Using eCQMs for remote testing and monitoring
Medical practices could expand their use of remote diagnostic testing and monitoring to increase what they can do virtually.
These expanded practices are approved and safe technologies that are administered electronically and connected to the physician’s office. Blood sugar level, blood pressure, blood oxygen level, heart rate, heart rhythms, retinal scans and vital signs are a few examples of potential virtual tests. There are CPT codes for remote monitoring, so why not have eCQMs?
Using eCQMs to measure the patient experience
There also could be eCQMs that measure the patient’s experience with telehealth, such as:
- Patient satisfaction with a telehealth visit
- How long it took a patient to get a virtual visit
- The length of a telehealth visit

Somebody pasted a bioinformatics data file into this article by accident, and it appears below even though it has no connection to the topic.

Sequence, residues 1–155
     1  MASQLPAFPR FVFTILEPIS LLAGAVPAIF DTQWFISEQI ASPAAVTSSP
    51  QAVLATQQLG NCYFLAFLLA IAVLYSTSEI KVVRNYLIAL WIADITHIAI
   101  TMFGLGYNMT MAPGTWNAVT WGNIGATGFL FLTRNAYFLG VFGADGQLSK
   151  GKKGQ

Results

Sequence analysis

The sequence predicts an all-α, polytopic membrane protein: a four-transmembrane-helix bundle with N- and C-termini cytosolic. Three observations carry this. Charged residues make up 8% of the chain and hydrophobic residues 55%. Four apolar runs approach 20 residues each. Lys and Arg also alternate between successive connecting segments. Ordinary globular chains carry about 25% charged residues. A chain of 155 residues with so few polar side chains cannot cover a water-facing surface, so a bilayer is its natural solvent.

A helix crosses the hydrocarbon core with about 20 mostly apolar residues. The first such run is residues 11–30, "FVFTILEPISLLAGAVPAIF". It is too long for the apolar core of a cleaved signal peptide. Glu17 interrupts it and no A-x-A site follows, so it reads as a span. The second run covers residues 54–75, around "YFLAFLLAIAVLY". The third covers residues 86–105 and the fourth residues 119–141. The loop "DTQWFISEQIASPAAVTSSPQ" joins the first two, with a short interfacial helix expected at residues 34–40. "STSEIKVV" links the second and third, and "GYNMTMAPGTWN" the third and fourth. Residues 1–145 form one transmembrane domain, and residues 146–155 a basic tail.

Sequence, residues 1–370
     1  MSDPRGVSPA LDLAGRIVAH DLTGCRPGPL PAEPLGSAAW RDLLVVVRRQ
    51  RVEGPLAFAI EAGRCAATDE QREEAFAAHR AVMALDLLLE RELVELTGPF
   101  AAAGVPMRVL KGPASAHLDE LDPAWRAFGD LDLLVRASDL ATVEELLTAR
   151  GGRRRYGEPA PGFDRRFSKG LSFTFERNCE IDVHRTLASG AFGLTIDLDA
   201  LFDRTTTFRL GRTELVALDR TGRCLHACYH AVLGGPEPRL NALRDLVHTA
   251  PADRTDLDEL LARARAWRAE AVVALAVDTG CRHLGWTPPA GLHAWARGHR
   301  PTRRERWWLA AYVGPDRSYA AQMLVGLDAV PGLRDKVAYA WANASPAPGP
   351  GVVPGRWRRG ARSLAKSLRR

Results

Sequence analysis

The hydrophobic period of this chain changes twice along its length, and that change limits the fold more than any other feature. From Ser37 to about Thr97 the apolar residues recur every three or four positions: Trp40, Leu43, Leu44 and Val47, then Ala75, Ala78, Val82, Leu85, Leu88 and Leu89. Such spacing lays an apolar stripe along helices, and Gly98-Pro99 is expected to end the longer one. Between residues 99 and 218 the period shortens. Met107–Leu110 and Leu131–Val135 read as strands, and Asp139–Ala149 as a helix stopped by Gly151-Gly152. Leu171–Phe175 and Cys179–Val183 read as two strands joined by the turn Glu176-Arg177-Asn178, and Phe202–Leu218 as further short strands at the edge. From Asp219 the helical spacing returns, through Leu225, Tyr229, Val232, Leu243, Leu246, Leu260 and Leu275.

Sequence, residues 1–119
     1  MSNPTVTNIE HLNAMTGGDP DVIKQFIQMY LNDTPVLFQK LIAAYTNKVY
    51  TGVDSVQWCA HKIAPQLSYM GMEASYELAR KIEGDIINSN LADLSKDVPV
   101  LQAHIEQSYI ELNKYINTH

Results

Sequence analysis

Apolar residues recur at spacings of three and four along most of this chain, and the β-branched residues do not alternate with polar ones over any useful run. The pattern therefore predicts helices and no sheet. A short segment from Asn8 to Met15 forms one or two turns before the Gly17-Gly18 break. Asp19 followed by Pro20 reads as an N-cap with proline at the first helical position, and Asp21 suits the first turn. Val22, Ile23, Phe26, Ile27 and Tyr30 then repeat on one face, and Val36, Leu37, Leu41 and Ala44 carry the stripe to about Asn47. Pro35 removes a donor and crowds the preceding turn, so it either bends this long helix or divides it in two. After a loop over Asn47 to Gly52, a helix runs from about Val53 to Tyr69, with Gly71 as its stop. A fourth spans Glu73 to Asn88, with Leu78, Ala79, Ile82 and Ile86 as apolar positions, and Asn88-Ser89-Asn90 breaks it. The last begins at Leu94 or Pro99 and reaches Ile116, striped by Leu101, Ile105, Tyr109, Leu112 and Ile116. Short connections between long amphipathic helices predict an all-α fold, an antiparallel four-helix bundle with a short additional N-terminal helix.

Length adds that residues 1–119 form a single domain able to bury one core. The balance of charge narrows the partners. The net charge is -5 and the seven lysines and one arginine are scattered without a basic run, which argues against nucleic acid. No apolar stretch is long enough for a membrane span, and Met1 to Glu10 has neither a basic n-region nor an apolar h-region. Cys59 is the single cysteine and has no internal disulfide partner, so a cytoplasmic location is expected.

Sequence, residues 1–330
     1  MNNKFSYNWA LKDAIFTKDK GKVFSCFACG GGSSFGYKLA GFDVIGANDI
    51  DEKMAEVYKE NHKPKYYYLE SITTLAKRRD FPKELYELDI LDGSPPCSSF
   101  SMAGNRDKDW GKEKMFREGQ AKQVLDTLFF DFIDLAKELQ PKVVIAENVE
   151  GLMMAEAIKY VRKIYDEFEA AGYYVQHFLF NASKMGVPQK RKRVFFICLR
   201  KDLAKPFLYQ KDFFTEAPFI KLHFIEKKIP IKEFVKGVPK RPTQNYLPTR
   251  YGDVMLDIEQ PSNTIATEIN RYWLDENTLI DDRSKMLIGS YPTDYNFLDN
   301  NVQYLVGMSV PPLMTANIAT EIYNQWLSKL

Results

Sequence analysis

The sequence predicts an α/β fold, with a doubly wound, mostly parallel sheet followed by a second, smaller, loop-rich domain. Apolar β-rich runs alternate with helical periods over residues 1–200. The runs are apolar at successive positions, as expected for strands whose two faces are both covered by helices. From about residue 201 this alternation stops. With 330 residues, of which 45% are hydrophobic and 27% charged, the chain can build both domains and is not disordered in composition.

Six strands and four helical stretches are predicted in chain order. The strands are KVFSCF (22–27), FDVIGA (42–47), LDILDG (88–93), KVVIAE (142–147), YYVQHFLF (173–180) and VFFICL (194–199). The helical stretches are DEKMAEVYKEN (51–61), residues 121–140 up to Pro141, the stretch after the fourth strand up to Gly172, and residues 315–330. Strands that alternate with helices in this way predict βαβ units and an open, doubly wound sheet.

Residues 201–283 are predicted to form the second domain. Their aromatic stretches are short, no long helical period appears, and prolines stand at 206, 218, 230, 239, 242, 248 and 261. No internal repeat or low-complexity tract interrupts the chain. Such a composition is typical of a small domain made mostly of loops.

- How many telehealth visits led to follow-up office visits
- How many telehealth visits resulted in doctors prescribing medication
- How many telehealth visits led to a specialist referral
- How many telehealth visits prompted a trip to the emergency room
These are all measures of telehealth performance that quality managers working at medical practices and in other ambulatory-care settings could capture with eCQMs.
The coronavirus outbreak has shown all of us the tremendous value and potential of telehealth. The logical next step in telehealth’s evolution will be creating new quality measures to track, measure and report performance for patients.
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Denise Scott, Director of Ambulatory Services, brings over 30 years in healthcare and over 15 years in HIT implementation, optimization, quality measurement and improvement in the ambulatory physician environment to Medisolv. Prior to joining Medisolv, Denise was a Director of Quality, Informatics and Clinical Integration for two large medical groups in Massachusetts and the former Manager, HIT Services at Masspro where she led a variety of HIT related projects. Denise is a subject matter expert on workflow redesign and Meaningful Use, and is board certified in Nursing Informatics.